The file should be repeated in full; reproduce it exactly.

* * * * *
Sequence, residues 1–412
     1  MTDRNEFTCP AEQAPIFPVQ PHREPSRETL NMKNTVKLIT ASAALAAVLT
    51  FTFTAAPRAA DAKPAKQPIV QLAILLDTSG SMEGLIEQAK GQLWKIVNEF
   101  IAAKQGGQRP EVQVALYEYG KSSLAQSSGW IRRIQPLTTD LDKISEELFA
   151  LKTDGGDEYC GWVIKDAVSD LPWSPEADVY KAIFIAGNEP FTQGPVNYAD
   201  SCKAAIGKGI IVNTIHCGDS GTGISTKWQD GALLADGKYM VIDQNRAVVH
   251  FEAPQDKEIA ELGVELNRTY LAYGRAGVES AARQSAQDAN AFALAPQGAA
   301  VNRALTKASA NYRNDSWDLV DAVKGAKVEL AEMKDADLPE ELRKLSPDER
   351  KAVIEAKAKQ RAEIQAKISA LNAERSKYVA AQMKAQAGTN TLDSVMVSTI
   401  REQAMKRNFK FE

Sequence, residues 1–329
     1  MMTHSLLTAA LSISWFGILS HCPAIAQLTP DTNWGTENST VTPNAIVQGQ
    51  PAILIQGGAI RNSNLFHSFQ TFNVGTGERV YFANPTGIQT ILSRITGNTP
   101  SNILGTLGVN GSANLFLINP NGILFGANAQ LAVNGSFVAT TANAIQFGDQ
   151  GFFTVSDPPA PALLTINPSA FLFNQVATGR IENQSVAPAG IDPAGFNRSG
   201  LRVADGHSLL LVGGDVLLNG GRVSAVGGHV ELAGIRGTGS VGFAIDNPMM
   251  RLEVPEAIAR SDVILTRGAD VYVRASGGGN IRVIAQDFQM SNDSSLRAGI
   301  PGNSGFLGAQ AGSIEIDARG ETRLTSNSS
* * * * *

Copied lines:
Sequence, residues 1–412
     1  MTDRNEFTCP AEQAPIFPVQ PHREPSRETL NMKNTVKLIT ASAALAAVLT
    51  FTFTAAPRAA DAKPAKQPIV QLAILLDTSG SMEGLIEQAK GQLWKIVNEF
   101  IAAKQGGQRP EVQVALYEYG KSSLAQSSGW IRRIQPLTTD LDKISEELFA
   151  LKTDGGDEYC GWVIKDAVSD LPWSPEADVY KAIFIAGNEP FTQGPVNYAD
   201  SCKAAIGKGI IVNTIHCGDS GTGISTKWQD GALLADGKYM VIDQNRAVVH
   251  FEAPQDKEIA ELGVELNRTY LAYGRAGVES AARQSAQDAN AFALAPQGAA
   301  VNRALTKASA NYRNDSWDLV DAVKGAKVEL AEMKDADLPE ELRKLSPDER
   351  KAVIEAKAKQ RAEIQAKISA LNAERSKYVA AQMKAQAGTN TLDSVMVSTI
   401  REQAMKRNFK FE

Sequence, residues 1–329
     1  MMTHSLLTAA LSISWFGILS HCPAIAQLTP DTNWGTENST VTPNAIVQGQ
    51  PAILIQGGAI RNSNLFHSFQ TFNVGTGERV YFANPTGIQT ILSRITGNTP
   101  SNILGTLGVN GSANLFLINP NGILFGANAQ LAVNGSFVAT TANAIQFGDQ
   151  GFFTVSDPPA PALLTINPSA FLFNQVATGR IENQSVAPAG IDPAGFNRSG
   201  LRVADGHSLL LVGGDVLLNG GRVSAVGGHV ELAGIRGTGS VGFAIDNPMM
   251  RLEVPEAIAR SDVILTRGAD VYVRASGGGN IRVIAQDFQM SNDSSLRAGI
   301  PGNSGFLGAQ AGSIEIDARG ETRLTSNSS